Saying on your bankruptcy petition that you intend to surrender an asset isn't the same thing as actually taking the legal steps required to do just that. It is a common mistake that people often make this assumption, but the legal system is not as simple as you might think. The timeshare lender is being nice by offering to keep a foreclosure off of your credit record. The maintenance fees made after the bankruptcy was filed are debts that would not have been included in your bankruptcy discharge and the timeshare company is within their legal rights to sue you to pay this debt.
    Answer Applies to: Nevada
    Replied: 2/11/2015
    Janet A. Lawson Bankruptcy Attorney
    Janet A. Lawson Bankruptcy Attorney | Janet Lawson
    They need to foreclose to get title. You should sign the documents (after making sure it is just a true surrender). A foreclosure will show up on your credit report.
    Answer Applies to: California
    Replied: 2/11/2015
    Ronald K. Nims LLC | Ronald K. Nims
    Timeshares generally have some type of deed ownership. The bankruptcy extinguished your liability on the debt but you continued to own the "property". The timeshare company wants to sell your timeshare to a new buyer. Since you don't really own any property, I don't see why the timeshare company can't just print up thousands of these deeds but for some reason they like to resell the same units over and over.
    Answer Applies to: Ohio
    Replied: 2/11/2015
    Law & Mediation Practice of Rosevart Nazarian | Rosevart Nazarian, Esq.
    You need an attorney to represent you. This is a complex situation.
    Answer Applies to: California
    Replied: 2/11/2015
    The Troglin Firm | William M. Troglin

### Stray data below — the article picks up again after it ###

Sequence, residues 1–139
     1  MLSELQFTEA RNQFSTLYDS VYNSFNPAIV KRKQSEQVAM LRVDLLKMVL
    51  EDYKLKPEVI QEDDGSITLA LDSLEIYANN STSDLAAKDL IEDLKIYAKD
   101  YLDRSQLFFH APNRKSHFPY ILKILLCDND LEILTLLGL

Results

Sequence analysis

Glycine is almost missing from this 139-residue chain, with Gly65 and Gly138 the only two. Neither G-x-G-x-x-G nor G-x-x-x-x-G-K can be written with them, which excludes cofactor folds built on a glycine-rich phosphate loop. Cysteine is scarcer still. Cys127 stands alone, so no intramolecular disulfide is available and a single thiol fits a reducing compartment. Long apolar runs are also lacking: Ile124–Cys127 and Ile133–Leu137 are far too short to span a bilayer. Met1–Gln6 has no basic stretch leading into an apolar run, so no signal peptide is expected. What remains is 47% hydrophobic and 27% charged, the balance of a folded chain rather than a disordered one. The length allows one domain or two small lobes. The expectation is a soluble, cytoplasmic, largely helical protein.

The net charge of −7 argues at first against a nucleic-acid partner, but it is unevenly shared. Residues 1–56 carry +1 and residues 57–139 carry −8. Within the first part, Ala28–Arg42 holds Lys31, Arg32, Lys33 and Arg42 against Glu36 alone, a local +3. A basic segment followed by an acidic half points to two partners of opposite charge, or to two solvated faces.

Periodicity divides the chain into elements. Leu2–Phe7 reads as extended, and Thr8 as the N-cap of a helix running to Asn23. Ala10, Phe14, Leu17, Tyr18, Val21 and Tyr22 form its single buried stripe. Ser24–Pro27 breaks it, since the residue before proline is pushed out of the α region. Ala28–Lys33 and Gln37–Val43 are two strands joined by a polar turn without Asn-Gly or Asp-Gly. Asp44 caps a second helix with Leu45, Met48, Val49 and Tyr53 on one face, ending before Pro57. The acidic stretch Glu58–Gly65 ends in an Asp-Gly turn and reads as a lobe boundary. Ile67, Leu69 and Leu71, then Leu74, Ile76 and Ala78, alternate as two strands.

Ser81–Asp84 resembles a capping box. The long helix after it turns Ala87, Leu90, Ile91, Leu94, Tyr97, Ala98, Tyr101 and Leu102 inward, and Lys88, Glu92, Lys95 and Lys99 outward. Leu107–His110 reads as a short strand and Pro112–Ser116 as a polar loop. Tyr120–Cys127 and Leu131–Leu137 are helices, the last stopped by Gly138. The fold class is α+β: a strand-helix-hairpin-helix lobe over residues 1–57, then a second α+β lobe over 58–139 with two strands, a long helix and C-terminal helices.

A time share involves real estate and therefore deeds are used. When you purchase a week at The Fun and Relaxation Resort, you are purchasing a percentage share in the resort and in most cases for your protection you get a Warranty Deed or some other type of title deed for your week which sets out your ownership. When you filed your Chapter 7 the schedules contained "a statement of intention" which stated your intention as to the property used as collateral on a secured debt. Your statement of intent probably stated you intended to surrender the property securing the time share. At this point you have not done anything to actually give the property back. While you have no personal liability on the two time shares the lien is still there and the time share company must do something to enforce the lien and get the property back. With real estate they have two choices 1. Ask you to sign a Deed in lieu of foreclosure - where you are signing title to the property back to the time share company or 2. Foreclose the mortgage or security deed and take title back that way. I recommend Number 1 which is the simplest way to conclude the matter. The time share company cannot charge you anything as expense for the process.
    Answer Applies to: Georgia
    Replied: 2/11/2015
    The Law Office of Darren Aronow, PC